July 28, 2007

Second Quarter Housing All-Stars Recap: Subprime closes shop, Prime Loans Gone Wild, and the Future of Housing.


When Darth Vadar lured unsuspecting folks to the dark side, he was actually referring to the sinister and destructive nature of lax credit. For some reason, the business world and the mainstream media believed that this economy built on recycling credit was going to last forever. Even listening to the numerous housing shows, you would think that housing would always be the number one greatest investment on the face of the planet. Even today, as I was heading over to an appointment, I was listening to a prominent radio show on FM regarding real estate and the host is still in wonderland. One of the female co-host actually told a caller this:

“Right now is the perfect time to buy. Because even if real estate goes down, in 3 to 5 years you will have massive equity.”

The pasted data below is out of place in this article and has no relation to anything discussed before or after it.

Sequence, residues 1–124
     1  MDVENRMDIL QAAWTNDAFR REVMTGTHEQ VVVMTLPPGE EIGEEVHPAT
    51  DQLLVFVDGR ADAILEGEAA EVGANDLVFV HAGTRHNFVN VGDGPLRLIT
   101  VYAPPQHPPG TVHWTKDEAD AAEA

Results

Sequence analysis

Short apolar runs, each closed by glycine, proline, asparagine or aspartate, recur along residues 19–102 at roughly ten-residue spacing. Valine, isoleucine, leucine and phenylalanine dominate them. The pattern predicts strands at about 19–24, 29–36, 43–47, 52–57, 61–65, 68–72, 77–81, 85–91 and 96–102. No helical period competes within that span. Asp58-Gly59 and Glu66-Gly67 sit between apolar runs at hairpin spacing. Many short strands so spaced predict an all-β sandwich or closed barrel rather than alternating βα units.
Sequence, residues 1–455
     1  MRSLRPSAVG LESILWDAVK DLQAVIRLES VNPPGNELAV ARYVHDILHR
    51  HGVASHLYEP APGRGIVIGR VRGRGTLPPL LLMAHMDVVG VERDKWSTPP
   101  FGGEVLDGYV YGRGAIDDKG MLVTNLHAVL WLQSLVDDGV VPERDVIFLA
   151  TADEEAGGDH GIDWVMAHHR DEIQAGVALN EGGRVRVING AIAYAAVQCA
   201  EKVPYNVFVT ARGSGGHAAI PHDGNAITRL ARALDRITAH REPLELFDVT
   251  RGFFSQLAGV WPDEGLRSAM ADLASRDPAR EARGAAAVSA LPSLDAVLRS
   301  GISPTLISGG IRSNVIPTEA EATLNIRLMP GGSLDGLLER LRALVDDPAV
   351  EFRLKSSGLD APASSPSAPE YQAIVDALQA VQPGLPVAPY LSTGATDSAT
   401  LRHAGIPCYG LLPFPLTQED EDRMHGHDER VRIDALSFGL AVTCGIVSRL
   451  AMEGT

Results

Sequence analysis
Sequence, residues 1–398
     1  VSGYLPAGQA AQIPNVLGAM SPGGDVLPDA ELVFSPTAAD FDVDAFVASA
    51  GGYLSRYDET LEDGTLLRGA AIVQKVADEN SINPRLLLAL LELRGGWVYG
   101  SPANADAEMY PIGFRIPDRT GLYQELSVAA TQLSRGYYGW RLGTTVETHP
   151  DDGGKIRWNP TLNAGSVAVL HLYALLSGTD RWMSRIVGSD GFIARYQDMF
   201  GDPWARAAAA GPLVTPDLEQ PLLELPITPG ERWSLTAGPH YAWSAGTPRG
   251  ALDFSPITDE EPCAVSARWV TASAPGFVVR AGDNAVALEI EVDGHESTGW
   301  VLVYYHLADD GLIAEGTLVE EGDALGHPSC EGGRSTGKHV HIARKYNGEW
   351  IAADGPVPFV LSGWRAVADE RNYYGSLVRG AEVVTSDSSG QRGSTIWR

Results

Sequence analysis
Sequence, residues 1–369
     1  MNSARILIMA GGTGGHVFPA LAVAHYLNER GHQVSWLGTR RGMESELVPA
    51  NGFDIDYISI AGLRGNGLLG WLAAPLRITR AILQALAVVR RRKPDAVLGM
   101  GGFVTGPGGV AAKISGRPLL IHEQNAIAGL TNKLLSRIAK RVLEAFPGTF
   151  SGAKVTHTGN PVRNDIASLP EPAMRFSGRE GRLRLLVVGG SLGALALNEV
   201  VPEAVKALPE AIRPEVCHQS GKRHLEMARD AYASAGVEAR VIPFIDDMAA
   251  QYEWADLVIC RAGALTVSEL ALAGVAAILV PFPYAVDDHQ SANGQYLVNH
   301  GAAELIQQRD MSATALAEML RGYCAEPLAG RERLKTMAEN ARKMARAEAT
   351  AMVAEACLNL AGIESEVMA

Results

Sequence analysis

I almost punched my stereo by this financially retarded advice. For one, the caller had no down payment. And another point, if real estate is going down and he comes in with little money, how is he going to have “massive equity” in the home? This was a case and point of so called real estate experts purporting short-term thinking and failing to look at the macro scope of this credit bubble. And then, I was watching a local television station this week discuss the record foreclosures here in California and they told the audience this nugget of wisdom: